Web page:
CHINA’S STRATEGY IN THE TAIWAN STRAIT
China appears prepared to defer the use of force as long as it believes that unification over the long term remains possible and that the costs of conflict outweigh the benefits. China argues that the credible threat to use force is essential to maintain the conditions for political progress and to prevent Taiwan from making moves toward de jure independence. China has refused for decades to renounce the use of force to resolve the Taiwan issue, despite simultaneously professing its desire for peaceful unification under the principle of “one country, two systems.”
The circumstances under which the mainland has historically warned it would use force have evolved over time in response to the island’s declarations of its political status, changes in PLA capabilities, and China’s view of Taiwan’s relations with other countries. These circumstances have included:
> formal declaration of Taiwan independence;
> undefined moves toward Taiwan independence;
> internal unrest on Taiwan;
> Taiwan’s acquisition of nuclear weapons;
> indefinite delays in the resumption of cross-Strait dialogue on unification;
> foreign intervention in Taiwan’s internal affairs;
> and foreign forces stationed on Taiwan.
Article 8 of the March 2005 Anti-Secession Law states that China may use “non-peaceful means” if “secessionist forces… cause the fact of Taiwan’s secession from China,” if “major incidents entailing Taiwan’s secession” occur, or if “possibilities for peaceful reunification” are exhausted. The ambiguity of these “redlines” preserves China’s flexibility.
CHINA’S COURSES OF ACTION AGAINST TAIWAN
The PLA is capable of increasingly sophisticated military actions against Taiwan. It is possible China would first pursue a measured approach characterized by signaling its readiness to use force, followed by a deliberate buildup of force to optimize the speed of engagement rather than strategic deception. Another option is that China would sacrifice overt, large-scale preparations in favor of surprise to force a rapid military or political resolution before other countries could respond. If a quick resolution is not possible, China would seek to:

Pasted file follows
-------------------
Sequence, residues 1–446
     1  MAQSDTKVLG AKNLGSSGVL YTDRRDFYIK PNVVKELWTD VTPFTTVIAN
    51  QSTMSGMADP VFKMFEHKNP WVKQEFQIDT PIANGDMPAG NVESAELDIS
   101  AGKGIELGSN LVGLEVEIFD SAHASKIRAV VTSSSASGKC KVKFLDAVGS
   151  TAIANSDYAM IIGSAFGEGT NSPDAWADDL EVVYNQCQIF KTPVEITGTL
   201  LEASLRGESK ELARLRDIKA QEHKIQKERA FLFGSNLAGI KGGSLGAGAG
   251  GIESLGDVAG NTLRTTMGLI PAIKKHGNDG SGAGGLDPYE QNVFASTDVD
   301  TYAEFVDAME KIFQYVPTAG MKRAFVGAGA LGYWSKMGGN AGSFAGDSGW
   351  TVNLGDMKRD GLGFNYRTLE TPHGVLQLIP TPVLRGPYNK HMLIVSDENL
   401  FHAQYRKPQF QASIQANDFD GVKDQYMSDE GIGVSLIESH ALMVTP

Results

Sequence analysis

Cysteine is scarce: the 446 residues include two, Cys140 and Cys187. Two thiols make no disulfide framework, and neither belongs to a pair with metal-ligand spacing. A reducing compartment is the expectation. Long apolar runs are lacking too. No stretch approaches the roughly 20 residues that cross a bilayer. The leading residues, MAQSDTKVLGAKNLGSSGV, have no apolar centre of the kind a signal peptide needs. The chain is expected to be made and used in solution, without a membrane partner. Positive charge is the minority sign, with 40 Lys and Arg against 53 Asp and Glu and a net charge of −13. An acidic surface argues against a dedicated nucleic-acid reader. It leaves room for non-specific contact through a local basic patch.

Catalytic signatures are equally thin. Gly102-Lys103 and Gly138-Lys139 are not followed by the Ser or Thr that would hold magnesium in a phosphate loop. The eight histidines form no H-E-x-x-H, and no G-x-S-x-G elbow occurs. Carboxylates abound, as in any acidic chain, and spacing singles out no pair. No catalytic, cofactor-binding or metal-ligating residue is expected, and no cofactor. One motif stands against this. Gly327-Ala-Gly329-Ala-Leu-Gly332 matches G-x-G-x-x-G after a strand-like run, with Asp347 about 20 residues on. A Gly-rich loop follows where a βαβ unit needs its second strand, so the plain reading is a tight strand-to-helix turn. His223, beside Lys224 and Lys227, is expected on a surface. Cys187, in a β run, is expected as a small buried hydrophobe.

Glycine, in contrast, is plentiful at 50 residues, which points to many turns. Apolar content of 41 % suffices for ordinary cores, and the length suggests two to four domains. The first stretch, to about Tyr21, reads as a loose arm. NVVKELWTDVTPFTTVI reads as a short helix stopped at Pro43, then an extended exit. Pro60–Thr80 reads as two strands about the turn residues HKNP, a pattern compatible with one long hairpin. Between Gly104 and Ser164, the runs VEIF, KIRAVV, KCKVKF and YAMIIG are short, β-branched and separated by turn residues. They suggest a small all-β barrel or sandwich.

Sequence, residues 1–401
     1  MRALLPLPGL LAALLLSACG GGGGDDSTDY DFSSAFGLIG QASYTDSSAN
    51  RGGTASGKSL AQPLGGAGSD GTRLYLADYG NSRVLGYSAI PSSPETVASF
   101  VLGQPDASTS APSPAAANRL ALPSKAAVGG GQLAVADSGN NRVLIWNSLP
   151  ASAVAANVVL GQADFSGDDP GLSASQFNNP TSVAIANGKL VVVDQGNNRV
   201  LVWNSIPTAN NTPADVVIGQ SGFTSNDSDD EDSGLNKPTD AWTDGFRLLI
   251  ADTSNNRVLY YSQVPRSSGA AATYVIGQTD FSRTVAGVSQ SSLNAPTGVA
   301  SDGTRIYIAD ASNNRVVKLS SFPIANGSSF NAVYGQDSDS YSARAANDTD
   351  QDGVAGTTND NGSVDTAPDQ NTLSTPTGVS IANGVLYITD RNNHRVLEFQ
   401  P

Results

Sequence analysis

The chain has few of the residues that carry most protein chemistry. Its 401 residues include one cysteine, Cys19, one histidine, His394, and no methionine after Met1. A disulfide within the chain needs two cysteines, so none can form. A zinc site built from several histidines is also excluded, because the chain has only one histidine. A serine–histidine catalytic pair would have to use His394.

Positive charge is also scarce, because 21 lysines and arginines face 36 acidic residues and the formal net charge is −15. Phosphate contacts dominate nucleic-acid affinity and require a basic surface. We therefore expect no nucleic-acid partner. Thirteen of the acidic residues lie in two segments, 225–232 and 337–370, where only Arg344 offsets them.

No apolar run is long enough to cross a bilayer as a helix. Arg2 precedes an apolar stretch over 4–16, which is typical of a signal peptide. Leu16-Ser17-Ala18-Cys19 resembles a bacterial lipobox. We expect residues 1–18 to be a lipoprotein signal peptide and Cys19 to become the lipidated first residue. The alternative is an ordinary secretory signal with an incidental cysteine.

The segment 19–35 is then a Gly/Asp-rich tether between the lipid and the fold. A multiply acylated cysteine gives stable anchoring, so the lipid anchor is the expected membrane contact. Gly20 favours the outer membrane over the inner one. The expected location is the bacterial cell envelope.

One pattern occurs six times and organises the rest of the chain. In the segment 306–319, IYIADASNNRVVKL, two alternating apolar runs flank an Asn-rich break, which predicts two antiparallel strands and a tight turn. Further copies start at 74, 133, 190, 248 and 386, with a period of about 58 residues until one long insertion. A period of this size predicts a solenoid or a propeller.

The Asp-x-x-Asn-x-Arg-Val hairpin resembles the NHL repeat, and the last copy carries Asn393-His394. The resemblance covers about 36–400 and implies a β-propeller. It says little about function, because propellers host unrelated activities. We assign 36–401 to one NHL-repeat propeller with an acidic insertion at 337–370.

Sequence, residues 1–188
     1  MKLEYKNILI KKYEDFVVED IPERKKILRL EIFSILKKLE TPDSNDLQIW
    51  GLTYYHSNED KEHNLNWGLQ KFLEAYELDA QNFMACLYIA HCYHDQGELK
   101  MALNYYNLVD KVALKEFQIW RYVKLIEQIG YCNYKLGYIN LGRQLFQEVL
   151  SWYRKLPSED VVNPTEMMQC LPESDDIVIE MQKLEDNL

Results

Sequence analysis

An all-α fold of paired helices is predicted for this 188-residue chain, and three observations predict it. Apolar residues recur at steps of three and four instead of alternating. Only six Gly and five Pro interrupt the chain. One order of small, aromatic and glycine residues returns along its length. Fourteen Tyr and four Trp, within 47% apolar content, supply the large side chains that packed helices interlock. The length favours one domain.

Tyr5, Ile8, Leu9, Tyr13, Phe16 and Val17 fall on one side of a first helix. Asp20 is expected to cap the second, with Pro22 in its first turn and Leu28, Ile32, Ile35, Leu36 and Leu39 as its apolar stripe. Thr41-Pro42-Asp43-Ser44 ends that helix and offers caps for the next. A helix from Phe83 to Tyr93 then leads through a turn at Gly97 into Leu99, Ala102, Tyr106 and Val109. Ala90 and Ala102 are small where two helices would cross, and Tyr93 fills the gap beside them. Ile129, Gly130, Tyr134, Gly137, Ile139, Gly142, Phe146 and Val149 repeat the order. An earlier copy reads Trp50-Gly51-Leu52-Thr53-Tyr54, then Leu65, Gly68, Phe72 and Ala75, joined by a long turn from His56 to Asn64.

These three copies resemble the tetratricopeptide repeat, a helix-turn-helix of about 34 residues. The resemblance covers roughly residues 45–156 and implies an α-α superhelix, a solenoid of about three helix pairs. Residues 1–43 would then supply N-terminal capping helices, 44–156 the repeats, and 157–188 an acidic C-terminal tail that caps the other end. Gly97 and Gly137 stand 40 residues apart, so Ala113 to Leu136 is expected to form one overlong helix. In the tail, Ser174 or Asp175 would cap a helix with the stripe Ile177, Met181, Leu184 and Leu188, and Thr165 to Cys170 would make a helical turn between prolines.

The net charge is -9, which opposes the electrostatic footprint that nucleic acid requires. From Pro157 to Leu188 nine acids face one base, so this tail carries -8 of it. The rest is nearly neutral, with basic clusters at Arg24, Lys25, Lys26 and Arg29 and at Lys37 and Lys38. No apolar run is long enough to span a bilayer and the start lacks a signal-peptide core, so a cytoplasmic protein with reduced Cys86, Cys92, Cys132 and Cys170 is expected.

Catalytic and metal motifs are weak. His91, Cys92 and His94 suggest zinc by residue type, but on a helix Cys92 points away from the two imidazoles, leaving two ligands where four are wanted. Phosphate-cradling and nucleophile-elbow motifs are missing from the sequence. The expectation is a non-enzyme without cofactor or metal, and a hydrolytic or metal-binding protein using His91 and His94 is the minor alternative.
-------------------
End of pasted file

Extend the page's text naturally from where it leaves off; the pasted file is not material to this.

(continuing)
> deter potential U.S. intervention;
> failing that, delay intervention and seek victory in an asymmetric, limited, quick war;
> or fight to a standstill and pursue a political settlement after a protracted conflict.
Maritime Quarantine or Blockade.
In addition to direct military engagement, PLA writings describe potential alternative solutions—air blockades, missile attacks, and mining to force capitulation. China could declare that ships en route to Taiwan must stop in mainland ports for inspection and/or transshipment prior to transiting to Taiwan ports. China could also attempt the equivalent of a blockade by declaring exercise or missile closure areas in approaches to ports, in effect closing port access and diverting merchant traffic. The PLA employed this method during the 1995-96 missile firings and live-fire exercises. There is a risk, however, that any attempt to limit maritime traffic to and from Taiwan would trigger countervailing international pressure and military escalation.